As the title says this blog is one man’s effort to make sense out of his journey fighting melanoma. I have enjoyed reading some of my fellow melanoma warriors’ blogs and thought it might be an interesting way to share what this journey has been like for me. If you find this interesting great, if not that’s great also. Selfishly this is more about me getting this out and moving on from being a cancer patient to being a cancer survivor.

Let’s clear up a few things. Yes, I know how to use spell check and no I don’t always use it. I majored in accounting, not english. I have always been a below average writer, which is why I find the therapeutic value of doing this surprising. I think for this blog to make any sense you pretty much have to go to the archive and start from the beginning which is titled “Life Is Good”

I am not a doctor or medial professional of any type. My blog is not endorsed by any medical professional or facility mentioned in it. Every decision I have made about my care was done after careful consultation with my medical team. Decisions I have made were right for me but should not in any instance be considered right for anybody else. I don't recommend taking medical advice from an accountant.


Key West

Key West
Sunset

Sunday, May 1, 2011

No Mas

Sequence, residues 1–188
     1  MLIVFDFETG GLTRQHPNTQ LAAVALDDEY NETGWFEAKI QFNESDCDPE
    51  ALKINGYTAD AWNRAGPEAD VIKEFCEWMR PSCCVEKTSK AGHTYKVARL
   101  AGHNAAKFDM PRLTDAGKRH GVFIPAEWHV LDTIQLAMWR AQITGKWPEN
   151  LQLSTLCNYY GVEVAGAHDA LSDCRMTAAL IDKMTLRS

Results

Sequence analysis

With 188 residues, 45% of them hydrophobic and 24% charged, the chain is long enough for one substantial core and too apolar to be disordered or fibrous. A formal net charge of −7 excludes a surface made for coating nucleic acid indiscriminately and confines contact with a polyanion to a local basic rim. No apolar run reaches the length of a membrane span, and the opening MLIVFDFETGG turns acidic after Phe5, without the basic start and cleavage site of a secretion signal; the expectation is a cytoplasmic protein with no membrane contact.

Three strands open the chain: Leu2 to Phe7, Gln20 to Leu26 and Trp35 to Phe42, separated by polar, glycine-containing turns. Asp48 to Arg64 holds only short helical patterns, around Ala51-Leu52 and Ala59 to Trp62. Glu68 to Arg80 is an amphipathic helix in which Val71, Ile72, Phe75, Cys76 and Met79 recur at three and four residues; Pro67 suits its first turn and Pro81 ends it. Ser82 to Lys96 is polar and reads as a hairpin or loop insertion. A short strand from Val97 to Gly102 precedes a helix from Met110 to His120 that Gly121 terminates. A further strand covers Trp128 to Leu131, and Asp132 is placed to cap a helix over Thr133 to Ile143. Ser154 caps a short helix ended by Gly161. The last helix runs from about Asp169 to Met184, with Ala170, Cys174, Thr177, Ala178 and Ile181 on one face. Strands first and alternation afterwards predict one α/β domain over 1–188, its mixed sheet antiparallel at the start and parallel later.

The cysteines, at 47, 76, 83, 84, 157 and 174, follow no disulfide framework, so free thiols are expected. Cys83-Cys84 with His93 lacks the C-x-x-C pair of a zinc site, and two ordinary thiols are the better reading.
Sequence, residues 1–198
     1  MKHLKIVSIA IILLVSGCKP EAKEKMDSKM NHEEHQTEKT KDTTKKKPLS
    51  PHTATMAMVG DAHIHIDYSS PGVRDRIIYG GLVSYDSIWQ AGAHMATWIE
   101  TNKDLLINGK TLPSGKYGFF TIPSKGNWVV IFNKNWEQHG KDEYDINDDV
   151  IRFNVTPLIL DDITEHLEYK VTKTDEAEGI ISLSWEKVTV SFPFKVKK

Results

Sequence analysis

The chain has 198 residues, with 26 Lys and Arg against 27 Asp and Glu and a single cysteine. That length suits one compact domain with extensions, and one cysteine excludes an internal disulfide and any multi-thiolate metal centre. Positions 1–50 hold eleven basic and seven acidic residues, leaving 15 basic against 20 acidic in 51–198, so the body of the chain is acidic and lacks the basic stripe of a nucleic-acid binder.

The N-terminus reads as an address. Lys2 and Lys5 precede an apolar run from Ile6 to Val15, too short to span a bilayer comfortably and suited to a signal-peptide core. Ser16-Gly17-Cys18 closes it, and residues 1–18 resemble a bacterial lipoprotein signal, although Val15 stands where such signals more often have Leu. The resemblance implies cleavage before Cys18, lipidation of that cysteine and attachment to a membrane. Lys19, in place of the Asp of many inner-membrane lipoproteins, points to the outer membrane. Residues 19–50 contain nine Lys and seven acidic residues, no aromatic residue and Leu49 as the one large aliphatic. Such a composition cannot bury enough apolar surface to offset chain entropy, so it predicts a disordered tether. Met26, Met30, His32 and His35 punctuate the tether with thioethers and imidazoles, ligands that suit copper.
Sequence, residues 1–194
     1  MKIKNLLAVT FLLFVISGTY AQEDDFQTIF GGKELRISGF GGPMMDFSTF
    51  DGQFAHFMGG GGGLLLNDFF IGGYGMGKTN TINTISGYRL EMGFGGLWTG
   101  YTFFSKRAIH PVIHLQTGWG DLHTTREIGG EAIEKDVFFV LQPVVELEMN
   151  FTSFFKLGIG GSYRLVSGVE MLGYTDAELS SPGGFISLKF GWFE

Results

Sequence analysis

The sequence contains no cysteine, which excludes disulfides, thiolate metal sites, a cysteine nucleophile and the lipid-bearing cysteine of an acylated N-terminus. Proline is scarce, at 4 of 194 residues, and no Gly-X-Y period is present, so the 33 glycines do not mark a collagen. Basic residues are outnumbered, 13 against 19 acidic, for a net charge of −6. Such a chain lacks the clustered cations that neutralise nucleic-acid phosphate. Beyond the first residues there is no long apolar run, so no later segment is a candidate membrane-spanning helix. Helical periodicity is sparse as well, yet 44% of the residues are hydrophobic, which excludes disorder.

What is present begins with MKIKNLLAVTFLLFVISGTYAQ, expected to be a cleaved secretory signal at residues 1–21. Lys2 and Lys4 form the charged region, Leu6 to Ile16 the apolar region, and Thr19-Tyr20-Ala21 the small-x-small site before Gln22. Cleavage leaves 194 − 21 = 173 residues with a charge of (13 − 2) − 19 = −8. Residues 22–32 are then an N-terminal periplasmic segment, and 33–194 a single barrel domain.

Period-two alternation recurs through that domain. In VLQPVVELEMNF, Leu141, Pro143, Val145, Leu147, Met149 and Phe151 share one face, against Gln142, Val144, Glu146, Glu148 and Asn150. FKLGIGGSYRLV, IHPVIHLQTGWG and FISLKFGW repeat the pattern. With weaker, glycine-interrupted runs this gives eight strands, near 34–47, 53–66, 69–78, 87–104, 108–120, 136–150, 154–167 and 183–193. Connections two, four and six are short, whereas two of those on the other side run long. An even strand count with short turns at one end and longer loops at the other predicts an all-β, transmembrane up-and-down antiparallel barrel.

From a process standpoint the self administered shots were going well.  It only took about 5 minutes to mix the two bottles of powder with two bottles of water, suck it all into one syringe, change needles and shoot it into myself.  Not very complicated.   Physically I was doing ok.  I was tired and all I did was work and sleep but that’s kind of what I expected.  The fatigue was overwhelming at times.  Very difficult and no amount of caffeine seemed to help.  I fell asleep sitting in the car in the garage after I pulled in, the Taco Bell drive through (not a Livestrong day) and at my desk.  I could sleep anywhere and on my trips back and forth to Jersey I was asleep before the wheels even left the ground.  That I could deal with but the mental strain was becoming much more difficult to fight through.  My memory was pretty much gone and my ability to process information and data was really going downhill.  A week ago today I was preparing to come to New Jersey for work this week.  Now this is going to be a two week trip for me and I needed to bring enough interferon for 5 treatments.  I was going to need two bottles of powder and two bottles of liquid for every treatment.  It sounds simple enough, especially for an accountant who has spent a good portion of his career working as an analyst.  I stared at the box of little bottles for about five minutes before I finally had to put the bottles together in groups of four until I have 5 groups.  I felt like an idiot.  This really wasn’t very complicated.  I called my Oncologist on Monday of this week and left him a message that I had had enough and was either going to have to go on disability or stop treatment, I couldn’t function at work any longer or be productive.  I knew that I wouldn’t be able to take a break and go back.  He called me back and we had a good discussion about where I was at and how I was feeling.  He supported my decision and said it was time for me to feel human again.  I agreed and skipped my treatment that night.  I haven’t put any of that crap in my veins since.  I called my kids that evening and told them of my decision.  My girls seemed concerned by the news and I look forward to getting back home to visit with them in person.  I think when they see how much better I feel they will understand.  They think this stuff was going to save my life, when that’s not really what it does.  I let the rest of my family know after I told my kids and they were all very supportive.  I have been off for 5 days and I cannot tell you how much better I feel.  Mentally I felt better almost immediately.  My memory is much better and I can function at work again.  I don’t have any regrets about starting Interferon, not do I have any regrets about stopping.  I did everything I could and fought like hell to stay on it, but just couldn’t do it anymore unless I went home and spent the last 8 months doing nothing.  Maybe it would have gotten better, maybe not.  In the end, this week I just lost the will to fight this crap anymore.  Once I had given up this fight was over.  The one regret I do have is that I didn’t start antidepressants at the start of this treatment.  All the doctors I talked to say I should, everybody I met who had been through this said they had to take them but I was determined I wouldn’t need them.  Would it have made a difference?  Who knows, I don’t think so but it may have helped me deal with it better.  I also don’t think the NG kicking me to the curb was the reason either.  It didn’t help my attitude any but didn’t make me less willing to fight through this.   I am at peace that I did everything I could and it really became a quality of life and risk/reward decision.